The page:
I was back in Nürnberg last week for the second border:none. Joschi tried an interesting format for this year’s event. The first day was a small conference-like gathering with an interesting mix of speakers, but the second day was much more collaborative, with people working together in “creator units”—part workshop, part round-table discussion.
I teamed up with Aaron to lead the session on all things indie web. It turned out to be a lot of fun. Throughout the day, we introduced the little building blocks, one by one. By the end of the day, it was amazing to see how much progress people made by taking this layered approach of small pieces, loosely stacked.
The first step is: do you have a domain name?
Okay, next step: are you linking from that domain to other profiles of you on the web? Twitter, Instagram, Github, Dribbble, whatever. If so, here’s the first bit of hands-on work: add
rel="me" to those links.
<a rel="me" href="https://twitter.com/adactio">Twitter</a> <a rel="me" href="https://github.com/adactio">Github</a> <a rel="me" href="https://www.flickr.com/people/adactio">Flickr</a>
If you don’t have any profiles on other sites, you can still mark up your telephone number or email address with
rel="me". You might want to do this in a
link element in the
head of your HTML.
<link rel="me" href="mailto:email@example.com" /> <link rel="me" href="sms:+447792069292" />
As soon as you’ve done that, you can make use of IndieAuth. This is a technique that demonstrates a recurring theme in indie web building blocks: take advantage of the strengths of existing third-party sites. In this case, IndieAuth piggybacks on top of the fact that many third-party sites have some kind of authentication mechanism, usually through OAuth. The fact that you’re “claiming” a profile on a third-party site using
rel="me"—and the third-party profile in turn links back to your site—means that we can use all the smart work that went into their authentication flow.
You can see IndieAuth in action by logging into the Indie Web Camp wiki. It’s pretty nifty.
If you’ve used
rel="me" to link to a profile on something like Twitter, Github, or Flickr, you can authenticate with their OAuth flow. If you’ve used
rel="me" for your email address or phone number, you can authenticate by email or SMS.
Next question: are you publishing stuff on your site? If so, mark it up using h-entry. This involves adding a few classes to your existing markup.
<article class="h-entry"> <div class="e-content"> <p>Having fun with @aaronpk, helping @border_none attendees mark up their sites with rel="me" links, h-entry classes, and webmention endpoints.</p> </div> <time class="dt-published" datetime="2014-10-18 08:42:37">8:42am</time> </article>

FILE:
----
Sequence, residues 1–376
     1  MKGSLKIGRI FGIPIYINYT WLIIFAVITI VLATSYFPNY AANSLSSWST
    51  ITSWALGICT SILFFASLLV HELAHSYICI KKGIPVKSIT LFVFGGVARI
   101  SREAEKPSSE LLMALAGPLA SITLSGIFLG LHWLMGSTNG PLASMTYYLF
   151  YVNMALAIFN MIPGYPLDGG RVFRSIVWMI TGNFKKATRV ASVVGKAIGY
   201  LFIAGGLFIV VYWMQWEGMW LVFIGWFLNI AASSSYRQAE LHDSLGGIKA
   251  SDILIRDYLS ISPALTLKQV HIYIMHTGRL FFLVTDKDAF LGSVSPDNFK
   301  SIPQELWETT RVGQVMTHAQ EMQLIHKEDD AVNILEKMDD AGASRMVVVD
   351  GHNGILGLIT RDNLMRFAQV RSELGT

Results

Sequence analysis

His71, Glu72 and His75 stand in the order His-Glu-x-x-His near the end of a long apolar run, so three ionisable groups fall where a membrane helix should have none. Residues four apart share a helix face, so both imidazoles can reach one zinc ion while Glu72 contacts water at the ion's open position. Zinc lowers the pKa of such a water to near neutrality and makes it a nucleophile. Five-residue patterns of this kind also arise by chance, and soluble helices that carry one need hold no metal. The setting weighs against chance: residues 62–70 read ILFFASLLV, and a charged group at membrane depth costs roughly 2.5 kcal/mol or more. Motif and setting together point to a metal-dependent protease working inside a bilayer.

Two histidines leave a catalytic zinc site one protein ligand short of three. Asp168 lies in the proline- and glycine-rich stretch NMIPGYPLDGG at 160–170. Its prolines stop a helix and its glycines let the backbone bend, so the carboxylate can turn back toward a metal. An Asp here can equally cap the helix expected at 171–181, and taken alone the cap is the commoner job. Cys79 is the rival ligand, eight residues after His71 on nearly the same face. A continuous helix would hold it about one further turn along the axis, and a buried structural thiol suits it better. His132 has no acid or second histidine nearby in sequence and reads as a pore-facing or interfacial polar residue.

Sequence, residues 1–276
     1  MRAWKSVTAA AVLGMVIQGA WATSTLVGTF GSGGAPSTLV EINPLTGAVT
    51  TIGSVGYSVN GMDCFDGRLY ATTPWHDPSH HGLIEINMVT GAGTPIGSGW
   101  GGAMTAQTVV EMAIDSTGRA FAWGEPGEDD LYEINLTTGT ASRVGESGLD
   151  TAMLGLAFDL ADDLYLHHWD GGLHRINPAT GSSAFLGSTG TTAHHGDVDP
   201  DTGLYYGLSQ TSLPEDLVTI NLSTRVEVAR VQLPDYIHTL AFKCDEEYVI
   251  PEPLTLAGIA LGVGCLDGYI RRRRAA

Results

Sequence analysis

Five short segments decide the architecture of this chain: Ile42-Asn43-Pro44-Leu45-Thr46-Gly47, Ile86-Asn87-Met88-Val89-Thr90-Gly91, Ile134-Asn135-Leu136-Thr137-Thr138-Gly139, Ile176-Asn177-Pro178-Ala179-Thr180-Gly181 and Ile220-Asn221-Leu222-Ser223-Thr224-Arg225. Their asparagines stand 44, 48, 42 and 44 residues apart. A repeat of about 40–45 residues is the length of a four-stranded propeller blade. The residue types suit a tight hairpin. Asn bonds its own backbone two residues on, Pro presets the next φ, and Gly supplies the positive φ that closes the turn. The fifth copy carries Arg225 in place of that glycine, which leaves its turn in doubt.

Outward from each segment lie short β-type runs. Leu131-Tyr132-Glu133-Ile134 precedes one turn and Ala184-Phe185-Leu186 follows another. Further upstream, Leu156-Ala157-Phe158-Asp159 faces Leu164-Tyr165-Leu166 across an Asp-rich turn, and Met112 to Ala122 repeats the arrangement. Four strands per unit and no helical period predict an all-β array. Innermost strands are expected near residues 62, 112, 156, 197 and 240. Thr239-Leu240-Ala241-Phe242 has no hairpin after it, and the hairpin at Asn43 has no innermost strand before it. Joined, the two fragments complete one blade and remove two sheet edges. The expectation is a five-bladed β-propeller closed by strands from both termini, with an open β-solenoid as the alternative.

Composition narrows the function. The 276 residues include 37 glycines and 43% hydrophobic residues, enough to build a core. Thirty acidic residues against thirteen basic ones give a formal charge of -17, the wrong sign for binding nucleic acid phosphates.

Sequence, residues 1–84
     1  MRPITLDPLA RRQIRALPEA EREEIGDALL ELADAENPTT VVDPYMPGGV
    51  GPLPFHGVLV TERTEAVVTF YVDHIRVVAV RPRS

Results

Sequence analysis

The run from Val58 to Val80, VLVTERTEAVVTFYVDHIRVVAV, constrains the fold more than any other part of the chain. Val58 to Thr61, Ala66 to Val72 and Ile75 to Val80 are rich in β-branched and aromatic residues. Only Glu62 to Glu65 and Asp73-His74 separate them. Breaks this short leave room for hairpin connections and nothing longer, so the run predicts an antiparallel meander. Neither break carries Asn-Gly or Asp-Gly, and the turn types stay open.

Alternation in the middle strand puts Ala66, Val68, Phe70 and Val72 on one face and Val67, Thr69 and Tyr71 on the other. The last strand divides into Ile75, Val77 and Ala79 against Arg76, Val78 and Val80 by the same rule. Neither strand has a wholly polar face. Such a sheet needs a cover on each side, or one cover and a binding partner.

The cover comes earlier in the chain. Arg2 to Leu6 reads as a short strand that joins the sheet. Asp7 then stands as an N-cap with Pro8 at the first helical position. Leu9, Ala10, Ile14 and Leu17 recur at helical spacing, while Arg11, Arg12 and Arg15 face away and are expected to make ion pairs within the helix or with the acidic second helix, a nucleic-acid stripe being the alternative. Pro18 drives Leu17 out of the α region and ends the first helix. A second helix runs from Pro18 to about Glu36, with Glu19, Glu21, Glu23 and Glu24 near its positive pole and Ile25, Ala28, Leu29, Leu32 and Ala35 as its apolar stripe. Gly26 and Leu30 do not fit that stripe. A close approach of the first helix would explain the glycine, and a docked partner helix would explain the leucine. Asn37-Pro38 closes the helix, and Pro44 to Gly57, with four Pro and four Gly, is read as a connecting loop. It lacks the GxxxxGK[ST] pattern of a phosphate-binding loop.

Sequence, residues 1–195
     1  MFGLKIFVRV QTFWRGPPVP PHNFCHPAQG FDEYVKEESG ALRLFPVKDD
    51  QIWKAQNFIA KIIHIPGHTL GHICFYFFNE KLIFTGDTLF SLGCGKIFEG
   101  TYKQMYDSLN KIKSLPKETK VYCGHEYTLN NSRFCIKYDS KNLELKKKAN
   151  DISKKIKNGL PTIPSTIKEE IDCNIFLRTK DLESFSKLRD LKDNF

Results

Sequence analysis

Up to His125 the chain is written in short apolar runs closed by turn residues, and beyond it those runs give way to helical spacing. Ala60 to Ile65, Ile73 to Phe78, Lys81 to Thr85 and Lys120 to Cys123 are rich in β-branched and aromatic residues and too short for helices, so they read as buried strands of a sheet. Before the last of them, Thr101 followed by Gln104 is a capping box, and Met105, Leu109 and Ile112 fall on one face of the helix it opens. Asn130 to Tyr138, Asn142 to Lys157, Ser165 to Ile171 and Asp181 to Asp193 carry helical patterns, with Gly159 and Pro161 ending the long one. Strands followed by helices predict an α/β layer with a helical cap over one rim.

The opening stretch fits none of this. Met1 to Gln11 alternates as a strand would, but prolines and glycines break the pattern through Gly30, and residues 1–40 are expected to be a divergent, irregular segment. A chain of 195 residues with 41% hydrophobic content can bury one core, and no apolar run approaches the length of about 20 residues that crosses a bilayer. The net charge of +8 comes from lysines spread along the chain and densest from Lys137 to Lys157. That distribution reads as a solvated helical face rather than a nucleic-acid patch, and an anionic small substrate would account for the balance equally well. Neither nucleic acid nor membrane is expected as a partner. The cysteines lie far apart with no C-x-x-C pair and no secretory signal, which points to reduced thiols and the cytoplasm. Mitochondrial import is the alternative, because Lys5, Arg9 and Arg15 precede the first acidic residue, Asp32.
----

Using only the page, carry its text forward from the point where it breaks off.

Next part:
Now, the reason for doing this isn’t for some theoretical benefit from search engines, or browsers, but simply to make the content you’re publishing machine-parsable (which will come in handy in the next steps).
Aaron published a note on his website, inviting everyone to leave a comment. The trick is though, to leave a comment on Aaron’s site, you need to publish it on your own site.
Webmention is basically a reimplementation of pingback, but without any of the XML silliness; it’s just a POST request with two values—the URL of the origin post, and the URL of the response.
My site doesn’t automatically send webmentions to any links I reference in my posts—I should really fix that—but that’s okay; Aaron—like me—has a form under each of his posts where you can paste in the URL of your response.
This is where those h-entry classes come in. If your post is marked up with h-entry, then it can be parsed to figure out which bit of your post is the body, which bit is the author, and so on. If your response isn’t marked up as h-entry, Aaron just displays a link back to your post. But if it is marked up in h-entry, Aaron can show the whole post on his site.
Okay. By this point, we’ve already come really far, and all people had to do was edit their HTML to add some
rel attributes and
For true site-to-site communication, you’ll need to have a webmention endpoint. That’s a bit trickier to add to your own site; it requires some programming. Here’s my minimum viable webmention that I wrote in PHP. But there are plenty of existing implentations you can use, like this webmention plug-in for WordPress.
Once you have a webmention endpoint, you can point to it from the
head of your HTML using a
<link rel="mention" href="https://adactio.com/webmention" />
Now you can receive responses to your posts.
Here’s the really cool bit: if you sign up for Bridgy, you can start receiving responses from third-party sites like Twitter, Facebook, etc. Bridgy just needs to know who you are on those networks, looks at your website, and figures everything out from there. And it automatically turns the responses from those networks into h-entry. It feels like magic!